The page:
Wednesday, April 24, 2019

Beach Regrade Project in the Homestretch


According to Executive Director for the Marco Island Civic Association, Ruth McCann, the beach regrade project is approaching its last section and is expected to meet its completion deadline of April 15, 2019.

The dredgers found some clay while dredging in the nearshore borrow area, but they trucked it offsite. The beach was elevated by about two feet in some spots and about three feet in the lower areas. Residents’ Beach did not have to take the Chikee huts down, but they had to move the concrete benches to the dune side.



The last section south of Residents’ Beach will only require 20,000 cubic yards of sand. By its completion, approximately 150,000 – 175,000 cubic yards of sand will have been dredged from the intertidal zone in front of the beach and graded up to the dunes to create a wider, positive slope. The regrade is supposed to eliminate the pooling and ponding that occurs during the rainy season. The regraded area extended about a mile of Central Beach from Sand Dollar Island to the north and up to the JW Marriott to the south. The project will cost approximately $1.150 Million.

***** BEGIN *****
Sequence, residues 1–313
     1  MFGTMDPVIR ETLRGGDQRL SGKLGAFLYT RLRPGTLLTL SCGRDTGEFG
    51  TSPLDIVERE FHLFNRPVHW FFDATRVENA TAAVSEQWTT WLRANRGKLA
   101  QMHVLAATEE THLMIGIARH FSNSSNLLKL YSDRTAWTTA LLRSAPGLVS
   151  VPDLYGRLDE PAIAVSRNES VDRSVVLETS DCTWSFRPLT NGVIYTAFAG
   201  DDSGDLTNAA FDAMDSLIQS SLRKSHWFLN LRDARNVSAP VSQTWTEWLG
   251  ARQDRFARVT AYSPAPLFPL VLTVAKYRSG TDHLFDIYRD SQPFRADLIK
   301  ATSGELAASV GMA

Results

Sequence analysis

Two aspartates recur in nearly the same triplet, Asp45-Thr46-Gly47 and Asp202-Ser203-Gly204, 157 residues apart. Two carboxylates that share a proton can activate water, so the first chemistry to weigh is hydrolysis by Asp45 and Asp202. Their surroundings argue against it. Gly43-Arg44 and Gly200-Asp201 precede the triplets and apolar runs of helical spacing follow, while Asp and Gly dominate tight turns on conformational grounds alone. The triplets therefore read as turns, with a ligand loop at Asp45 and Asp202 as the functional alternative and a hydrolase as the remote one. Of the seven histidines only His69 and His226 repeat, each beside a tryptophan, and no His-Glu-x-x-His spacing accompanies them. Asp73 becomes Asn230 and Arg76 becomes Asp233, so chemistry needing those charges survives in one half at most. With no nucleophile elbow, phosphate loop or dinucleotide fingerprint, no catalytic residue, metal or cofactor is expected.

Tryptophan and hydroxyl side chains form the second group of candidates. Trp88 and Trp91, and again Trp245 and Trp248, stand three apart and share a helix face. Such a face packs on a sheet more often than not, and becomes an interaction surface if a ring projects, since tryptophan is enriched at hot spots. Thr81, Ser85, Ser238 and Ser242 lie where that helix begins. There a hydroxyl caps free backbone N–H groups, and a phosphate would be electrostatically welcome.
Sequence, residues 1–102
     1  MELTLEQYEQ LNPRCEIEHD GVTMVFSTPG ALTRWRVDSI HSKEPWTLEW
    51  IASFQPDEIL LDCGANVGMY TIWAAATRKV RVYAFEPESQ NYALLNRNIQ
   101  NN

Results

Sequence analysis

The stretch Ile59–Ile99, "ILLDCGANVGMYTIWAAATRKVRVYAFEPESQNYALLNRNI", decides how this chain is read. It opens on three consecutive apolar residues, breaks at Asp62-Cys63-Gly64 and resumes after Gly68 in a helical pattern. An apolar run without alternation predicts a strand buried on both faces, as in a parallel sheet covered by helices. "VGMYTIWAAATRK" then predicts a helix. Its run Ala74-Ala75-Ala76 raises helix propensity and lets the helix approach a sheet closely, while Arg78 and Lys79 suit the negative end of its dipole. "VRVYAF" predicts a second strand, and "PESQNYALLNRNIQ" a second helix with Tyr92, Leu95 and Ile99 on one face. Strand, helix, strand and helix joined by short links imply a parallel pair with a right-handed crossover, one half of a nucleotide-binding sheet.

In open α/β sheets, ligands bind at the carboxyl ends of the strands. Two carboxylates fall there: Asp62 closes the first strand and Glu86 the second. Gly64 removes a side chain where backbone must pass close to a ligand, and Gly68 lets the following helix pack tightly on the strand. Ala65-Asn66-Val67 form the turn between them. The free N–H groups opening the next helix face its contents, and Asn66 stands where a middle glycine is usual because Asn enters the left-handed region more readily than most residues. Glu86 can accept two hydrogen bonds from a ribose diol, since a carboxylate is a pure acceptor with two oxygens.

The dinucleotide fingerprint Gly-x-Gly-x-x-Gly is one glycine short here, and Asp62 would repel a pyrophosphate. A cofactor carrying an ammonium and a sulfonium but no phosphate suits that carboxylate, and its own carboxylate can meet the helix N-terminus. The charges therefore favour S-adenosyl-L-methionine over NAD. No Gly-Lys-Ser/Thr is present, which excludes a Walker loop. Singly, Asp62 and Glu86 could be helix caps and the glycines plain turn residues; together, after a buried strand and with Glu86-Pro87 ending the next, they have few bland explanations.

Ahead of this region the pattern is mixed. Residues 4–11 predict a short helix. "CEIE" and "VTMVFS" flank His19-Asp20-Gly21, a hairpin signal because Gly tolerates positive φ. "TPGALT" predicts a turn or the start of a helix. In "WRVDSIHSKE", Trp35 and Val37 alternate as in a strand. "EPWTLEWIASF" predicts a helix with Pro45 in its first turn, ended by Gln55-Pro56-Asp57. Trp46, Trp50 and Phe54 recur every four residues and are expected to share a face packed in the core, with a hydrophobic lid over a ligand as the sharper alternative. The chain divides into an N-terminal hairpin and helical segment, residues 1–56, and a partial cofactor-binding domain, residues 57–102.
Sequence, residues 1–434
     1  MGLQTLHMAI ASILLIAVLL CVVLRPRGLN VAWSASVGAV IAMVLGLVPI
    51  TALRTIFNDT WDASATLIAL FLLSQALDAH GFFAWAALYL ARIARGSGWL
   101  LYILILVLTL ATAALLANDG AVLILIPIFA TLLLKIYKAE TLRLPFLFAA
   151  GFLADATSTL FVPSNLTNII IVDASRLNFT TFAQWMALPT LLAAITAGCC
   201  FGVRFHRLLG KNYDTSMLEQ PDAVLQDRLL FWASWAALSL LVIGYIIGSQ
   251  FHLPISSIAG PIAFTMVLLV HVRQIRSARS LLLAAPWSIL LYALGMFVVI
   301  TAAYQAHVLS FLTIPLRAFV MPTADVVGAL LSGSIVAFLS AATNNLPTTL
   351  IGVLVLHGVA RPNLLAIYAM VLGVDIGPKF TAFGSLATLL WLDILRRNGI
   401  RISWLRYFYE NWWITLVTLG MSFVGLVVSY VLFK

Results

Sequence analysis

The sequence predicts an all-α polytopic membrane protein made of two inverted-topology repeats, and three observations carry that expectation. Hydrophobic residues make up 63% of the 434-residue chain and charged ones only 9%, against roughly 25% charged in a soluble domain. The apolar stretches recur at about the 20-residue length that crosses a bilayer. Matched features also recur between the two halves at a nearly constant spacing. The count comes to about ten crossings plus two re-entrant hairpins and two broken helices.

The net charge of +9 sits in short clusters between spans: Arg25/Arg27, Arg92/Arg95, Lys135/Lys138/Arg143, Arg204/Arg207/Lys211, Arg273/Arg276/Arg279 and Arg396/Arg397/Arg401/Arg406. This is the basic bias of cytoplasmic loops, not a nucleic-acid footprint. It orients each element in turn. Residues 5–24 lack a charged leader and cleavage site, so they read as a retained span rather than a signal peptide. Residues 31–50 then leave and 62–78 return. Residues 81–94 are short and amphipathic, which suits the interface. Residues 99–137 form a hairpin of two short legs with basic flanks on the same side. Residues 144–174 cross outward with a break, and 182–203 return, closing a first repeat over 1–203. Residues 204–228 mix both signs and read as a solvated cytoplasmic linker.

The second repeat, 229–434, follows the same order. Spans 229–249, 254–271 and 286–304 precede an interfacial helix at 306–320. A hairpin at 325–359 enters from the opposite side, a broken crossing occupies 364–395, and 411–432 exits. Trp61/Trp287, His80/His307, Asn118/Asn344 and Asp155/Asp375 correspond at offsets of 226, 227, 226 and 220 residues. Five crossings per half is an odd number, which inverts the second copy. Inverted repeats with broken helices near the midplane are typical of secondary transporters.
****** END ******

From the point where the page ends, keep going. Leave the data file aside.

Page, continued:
Work was conducted in 1,500-foot sections along the beach to allow for public beach access at all times. An orange construction fence has been installed to enclose the work areas. Signs are placed along the beach directing the public access points during the construction. 



Surprise, Surprise! Amidst all the noise of the regrading project, three weeks ago a burrowing owl dug a burrow right under the Thor Lightning Post on Residents’ Beach. It was banded by researchers from the University of Florida and two days after banding, the newly banded owl was observed with a new mate! It too, received a set of “jewelry.” If all goes well, it looks like Residents Beach will host its second set of chicks later this summer.

According to biologist Kim Savides, Shorebird Steward of Audubon, Florida, “The black skimmers and terns have been taking advantage of the churned waters from the dredging stirring up some fish activity. The flock also have taken advantage of the fenced off area and has taken a liking to the lack of people. The workers knew not to disturb the birds and were very respectful of their presence.”

According to Kim, many of the wintering terns are gearing up for their migration to their breeding grounds. Whether their destination is as close as Big Marco Pass (Sand Dollar Island) or as far away as the Atlantic shores, these birds will be busy preparing themselves for migration, egg laying and chick rearing.

Marco’s central beach will soon get back to normal beach activity once the regrade project is completed, and the wintering shorebirds fly back to their breeding grounds.

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